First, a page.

Welcome to the first post in a series documenting the processing of the Abraham Joshua Heschel Papers.
In 1965, Rabbi Abraham Joshua Heschel, professor of Jewish Ethics and Mysticism at the Jewish Theological Seminary of America, accepted as position as the Harry Emerson Fosdick Visiting Professor at Union Theological Seminary (UTS). Newspapers reported this occasion with headlines that proclaimed “Rabbi to Teach Christians” and “Seminary Gives Post to Heschel.” The prestigious visiting position speaks to Heschel’s influence in Christian-Jewish relations at the time. As we begin processing the Abraham Joshua Heschel Papers, there is evidence that Heschel’s dedication to interfaith work also made him a controversial figure in some Jewish circles. I recently processed a large folder of materials that Heschel collected during his tenure at UTS and discovered that Heschel preserved the views of his dissenters, tucked in alongside his lecture notes and grade records.
In a folder that contains programs from events honoring Heschel at UTS and Eden Theological Seminary and an excerpt from Reinhold Niebuhr’s Pious and Secular America, I found a fascinating newspaper clipping. The article, “Scholar Delimits Interfaith Talks,” discusses another rabbi’s view on interfaith relations. The article explains that Rabbi Joseph B. Soloveitchik, professor of Talmud at Yeshiva University, argued that Jews should avoid discussing theological issues in their relations with Christians. This article provides an intriguing counterpoint to the documents promoting Heschel’s theological lectures at Christian Seminaries.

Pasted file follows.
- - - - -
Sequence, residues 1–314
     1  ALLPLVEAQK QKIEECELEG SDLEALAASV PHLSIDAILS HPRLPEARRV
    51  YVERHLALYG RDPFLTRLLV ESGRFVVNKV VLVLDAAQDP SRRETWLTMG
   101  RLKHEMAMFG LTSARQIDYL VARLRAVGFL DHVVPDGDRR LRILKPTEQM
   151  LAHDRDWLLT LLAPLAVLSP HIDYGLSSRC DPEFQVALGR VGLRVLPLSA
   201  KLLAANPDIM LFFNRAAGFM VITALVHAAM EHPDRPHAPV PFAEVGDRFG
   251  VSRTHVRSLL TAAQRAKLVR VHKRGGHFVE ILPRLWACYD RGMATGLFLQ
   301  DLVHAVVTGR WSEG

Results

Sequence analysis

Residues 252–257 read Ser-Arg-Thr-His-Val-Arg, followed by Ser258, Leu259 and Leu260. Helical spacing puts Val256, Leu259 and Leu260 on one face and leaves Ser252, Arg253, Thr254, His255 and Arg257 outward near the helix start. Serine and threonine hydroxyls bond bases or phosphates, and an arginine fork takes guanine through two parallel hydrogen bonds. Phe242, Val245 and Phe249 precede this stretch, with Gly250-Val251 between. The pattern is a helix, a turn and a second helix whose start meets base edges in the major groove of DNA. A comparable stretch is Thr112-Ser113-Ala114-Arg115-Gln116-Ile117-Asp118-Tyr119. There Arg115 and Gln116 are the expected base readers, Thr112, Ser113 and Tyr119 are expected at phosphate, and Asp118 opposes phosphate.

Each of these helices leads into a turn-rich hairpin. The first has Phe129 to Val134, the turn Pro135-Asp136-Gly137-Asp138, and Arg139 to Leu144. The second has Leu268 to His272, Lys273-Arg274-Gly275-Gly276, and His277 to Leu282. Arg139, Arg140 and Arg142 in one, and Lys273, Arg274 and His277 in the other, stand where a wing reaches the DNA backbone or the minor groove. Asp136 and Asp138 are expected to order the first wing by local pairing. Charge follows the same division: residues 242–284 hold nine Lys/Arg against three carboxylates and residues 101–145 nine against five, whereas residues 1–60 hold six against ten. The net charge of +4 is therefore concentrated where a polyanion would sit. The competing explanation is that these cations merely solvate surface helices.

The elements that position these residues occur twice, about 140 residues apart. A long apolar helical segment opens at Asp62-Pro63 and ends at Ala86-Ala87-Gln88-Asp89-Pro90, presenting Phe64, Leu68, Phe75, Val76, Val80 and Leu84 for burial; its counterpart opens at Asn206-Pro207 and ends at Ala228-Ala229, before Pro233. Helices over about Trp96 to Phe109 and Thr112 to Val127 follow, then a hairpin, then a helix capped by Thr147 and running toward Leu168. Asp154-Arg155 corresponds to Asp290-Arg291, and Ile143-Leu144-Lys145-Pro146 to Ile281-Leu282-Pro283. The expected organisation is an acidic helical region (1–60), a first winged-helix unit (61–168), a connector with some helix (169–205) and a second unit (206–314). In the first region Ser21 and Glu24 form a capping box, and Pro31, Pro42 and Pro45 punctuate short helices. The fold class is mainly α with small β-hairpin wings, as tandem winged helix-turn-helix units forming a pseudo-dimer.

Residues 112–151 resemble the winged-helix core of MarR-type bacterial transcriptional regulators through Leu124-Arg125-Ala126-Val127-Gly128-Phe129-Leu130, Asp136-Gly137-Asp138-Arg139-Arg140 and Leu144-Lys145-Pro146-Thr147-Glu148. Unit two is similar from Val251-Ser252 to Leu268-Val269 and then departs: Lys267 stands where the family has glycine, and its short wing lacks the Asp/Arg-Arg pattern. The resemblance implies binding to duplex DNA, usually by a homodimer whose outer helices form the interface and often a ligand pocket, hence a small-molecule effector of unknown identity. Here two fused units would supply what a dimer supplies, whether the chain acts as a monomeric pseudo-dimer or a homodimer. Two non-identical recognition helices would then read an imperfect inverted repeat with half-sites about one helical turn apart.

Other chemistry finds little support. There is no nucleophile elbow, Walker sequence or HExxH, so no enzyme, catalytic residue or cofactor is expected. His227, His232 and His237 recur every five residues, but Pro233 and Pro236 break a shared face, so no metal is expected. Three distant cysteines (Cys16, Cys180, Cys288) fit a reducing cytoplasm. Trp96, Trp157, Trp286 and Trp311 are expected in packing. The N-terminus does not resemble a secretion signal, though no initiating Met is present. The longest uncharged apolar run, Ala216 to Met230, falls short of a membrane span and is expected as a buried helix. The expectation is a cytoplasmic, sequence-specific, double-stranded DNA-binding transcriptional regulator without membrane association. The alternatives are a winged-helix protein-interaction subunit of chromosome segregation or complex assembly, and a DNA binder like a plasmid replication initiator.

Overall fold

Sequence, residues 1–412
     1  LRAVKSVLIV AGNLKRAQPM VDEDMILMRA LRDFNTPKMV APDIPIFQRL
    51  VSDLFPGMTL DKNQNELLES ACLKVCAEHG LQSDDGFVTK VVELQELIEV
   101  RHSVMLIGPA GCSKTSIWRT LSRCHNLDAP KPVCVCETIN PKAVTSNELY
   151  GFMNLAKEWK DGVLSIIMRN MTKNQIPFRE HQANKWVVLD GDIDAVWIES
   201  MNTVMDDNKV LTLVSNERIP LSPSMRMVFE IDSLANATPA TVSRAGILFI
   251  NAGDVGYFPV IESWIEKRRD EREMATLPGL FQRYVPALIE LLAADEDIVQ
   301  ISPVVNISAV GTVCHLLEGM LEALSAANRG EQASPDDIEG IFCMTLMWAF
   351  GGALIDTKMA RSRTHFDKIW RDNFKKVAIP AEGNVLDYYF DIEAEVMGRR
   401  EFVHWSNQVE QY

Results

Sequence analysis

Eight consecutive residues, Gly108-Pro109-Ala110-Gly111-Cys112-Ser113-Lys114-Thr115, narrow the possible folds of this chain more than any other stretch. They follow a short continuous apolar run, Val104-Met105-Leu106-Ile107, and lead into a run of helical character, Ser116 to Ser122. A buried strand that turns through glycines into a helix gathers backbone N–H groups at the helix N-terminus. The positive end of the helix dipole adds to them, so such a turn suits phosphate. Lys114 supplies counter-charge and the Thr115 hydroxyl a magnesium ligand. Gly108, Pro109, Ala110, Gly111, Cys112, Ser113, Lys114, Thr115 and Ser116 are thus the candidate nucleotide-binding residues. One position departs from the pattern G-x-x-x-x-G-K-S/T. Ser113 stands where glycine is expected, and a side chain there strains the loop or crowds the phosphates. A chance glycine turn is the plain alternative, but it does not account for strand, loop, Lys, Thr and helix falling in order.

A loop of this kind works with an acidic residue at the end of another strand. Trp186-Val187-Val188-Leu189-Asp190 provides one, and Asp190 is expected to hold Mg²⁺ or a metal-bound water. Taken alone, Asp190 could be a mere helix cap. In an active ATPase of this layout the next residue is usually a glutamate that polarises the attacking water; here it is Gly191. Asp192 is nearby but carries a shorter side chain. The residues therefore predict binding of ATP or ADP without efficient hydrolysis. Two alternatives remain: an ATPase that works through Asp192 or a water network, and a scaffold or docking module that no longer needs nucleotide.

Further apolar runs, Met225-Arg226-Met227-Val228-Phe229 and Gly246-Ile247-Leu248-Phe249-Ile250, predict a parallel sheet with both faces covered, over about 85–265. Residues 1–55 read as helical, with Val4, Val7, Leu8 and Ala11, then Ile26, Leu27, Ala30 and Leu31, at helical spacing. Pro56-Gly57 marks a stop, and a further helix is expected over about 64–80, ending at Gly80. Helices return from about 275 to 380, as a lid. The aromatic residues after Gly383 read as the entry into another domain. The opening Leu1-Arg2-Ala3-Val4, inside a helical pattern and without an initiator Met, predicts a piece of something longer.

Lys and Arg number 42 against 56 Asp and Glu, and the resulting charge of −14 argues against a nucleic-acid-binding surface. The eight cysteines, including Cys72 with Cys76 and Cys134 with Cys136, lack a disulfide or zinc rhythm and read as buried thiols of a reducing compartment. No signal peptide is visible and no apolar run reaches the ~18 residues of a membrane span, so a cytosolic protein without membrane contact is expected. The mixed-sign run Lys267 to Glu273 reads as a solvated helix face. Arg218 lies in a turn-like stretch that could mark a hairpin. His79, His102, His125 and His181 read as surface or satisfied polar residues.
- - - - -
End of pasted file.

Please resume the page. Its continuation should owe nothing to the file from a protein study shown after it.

In another folder, which Heschel labeled “Interfaith,” he included an excerpt from a letter written by the Lubavitcher Rebbe, Rabbi Menachem M. Schneerson. In the letter, Schneerson writes, “there is no need for us whatever to have any religious dialogues with non-Jews, nor any interfaith activities in the form of religious discussions, interchange of pulpits, and the like” (2). Schneerson concludes, “religious dialogue with non-Jews has no place in Jewish life, least of all here and now” (4). This letter rests alongside an article written by UTS President John C. Bennett and Heschel’s itinerary for the Spring Semester of 1966 which included lectures at the Indiana Pastors’ Conference and eleven different Christian seminaries.
These dissenting opinions preserved by Heschel and included in folders that highlight his interfaith work provide an intriguing glimpse into Heschel’s world. We will leave it up to future researchers to discover the meaning behind Heschel’s inclusion of these opposition opinions in these particular folders!
Post contributed by Adrienne Krone, Heschel Project Assistant in Rubenstein Technical Services.
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